The seasonal influenza vaccine is still available and it is not too late to get vaccinated, according to Murrumbidgee Local Health District (MLHD).
MLHD Director Public Health Tracey Oakman said while numbers of people with influenza were currently low, there had been indications the flu season had begun.
“We can expect to see a peak in influenza cases in four to seven weeks,” she said.
“I encourage everyone who hasn’t had the influenza vaccine this year, to consider getting the vaccine in the next week or so, because it is the most effective way to prevent the spread of flu in the community.
“An estimated 3000 Australians die every year, either directly from the seasonal flu, complications due to the flu, or pneumonia.”
Mrs Oakman said the influenza vaccine was recommended for everyone from six months of age who wish to reduce the likelihood of becoming ill with influenza.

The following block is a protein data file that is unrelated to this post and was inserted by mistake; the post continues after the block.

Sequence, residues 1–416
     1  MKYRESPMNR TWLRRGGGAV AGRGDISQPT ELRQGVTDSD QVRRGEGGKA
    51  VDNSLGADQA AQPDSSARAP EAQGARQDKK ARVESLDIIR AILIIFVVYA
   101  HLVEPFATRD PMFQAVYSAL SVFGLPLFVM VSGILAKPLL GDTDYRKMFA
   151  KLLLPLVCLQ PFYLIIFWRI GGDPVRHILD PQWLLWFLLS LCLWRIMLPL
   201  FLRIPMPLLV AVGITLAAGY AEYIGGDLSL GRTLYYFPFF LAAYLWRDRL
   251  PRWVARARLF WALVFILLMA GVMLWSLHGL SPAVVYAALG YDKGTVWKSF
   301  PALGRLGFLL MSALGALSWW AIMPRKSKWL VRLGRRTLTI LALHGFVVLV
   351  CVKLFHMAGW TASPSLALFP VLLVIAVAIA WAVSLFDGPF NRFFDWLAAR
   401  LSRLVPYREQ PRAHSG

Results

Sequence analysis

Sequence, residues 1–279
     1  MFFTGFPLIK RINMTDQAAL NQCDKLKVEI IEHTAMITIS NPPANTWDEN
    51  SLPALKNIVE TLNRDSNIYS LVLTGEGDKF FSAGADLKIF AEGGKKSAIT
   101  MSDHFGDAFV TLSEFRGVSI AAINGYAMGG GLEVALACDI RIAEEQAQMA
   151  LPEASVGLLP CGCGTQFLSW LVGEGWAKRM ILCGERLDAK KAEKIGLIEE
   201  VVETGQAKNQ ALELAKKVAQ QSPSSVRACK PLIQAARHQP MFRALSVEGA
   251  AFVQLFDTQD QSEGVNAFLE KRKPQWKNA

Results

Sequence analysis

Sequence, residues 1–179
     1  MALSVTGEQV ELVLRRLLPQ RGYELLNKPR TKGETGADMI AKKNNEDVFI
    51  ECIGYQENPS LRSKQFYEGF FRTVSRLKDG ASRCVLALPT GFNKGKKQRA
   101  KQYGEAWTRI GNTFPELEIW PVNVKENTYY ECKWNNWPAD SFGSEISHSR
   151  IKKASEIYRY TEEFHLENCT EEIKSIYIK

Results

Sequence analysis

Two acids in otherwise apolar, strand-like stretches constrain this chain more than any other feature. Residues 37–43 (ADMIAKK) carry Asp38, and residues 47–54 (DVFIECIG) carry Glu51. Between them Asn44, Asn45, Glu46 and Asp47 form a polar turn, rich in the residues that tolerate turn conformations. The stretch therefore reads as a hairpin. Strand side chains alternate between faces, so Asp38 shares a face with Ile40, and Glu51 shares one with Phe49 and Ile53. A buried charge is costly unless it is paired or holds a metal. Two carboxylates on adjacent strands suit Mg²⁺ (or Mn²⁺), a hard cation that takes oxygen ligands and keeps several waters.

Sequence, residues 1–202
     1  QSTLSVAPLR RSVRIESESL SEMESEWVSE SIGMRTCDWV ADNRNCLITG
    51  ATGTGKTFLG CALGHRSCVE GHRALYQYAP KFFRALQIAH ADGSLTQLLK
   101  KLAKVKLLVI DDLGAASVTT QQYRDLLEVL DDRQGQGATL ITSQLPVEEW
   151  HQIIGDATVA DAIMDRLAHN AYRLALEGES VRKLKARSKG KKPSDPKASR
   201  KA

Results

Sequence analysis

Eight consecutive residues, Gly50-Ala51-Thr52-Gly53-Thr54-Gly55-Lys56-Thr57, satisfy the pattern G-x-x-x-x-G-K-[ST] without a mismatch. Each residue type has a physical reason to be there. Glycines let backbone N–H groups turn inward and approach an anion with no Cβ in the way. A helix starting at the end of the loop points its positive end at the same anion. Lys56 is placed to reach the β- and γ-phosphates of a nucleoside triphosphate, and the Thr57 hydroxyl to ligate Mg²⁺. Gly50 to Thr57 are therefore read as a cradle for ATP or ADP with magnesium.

It is available free under the National Immunisation Program for people at high risk of complications.
Those at high risk of complications include people aged 65 and over; Aboriginal and Torres Strait Islander children aged six months to five years; all Aboriginal and Torres Strait Islander Persons 15 years and over; pregnant women; people medically at risk including anyone who is six months of age and over who has heart disease, severe asthma, chronic lung condition,chronic illness requiring medical follow-up or hospitalisation in the past year, diseases of the nervous system, impaired immunity, diabetes, children aged six months to 10 years on long-term aspirin therapy are also at risk of complications from flu.
If you are unwell take action to stop the spread of influenza by remembering to cover your face when you cough or sneeze and throw used tissues in a rubbish bin.
People should also wash their hands thoroughly and often.
Stay at home until you’re well.
Wait at least 24 hours after your fever resolves so you that you aren’t likely to infect other people. Keep sick children away from school and other activities.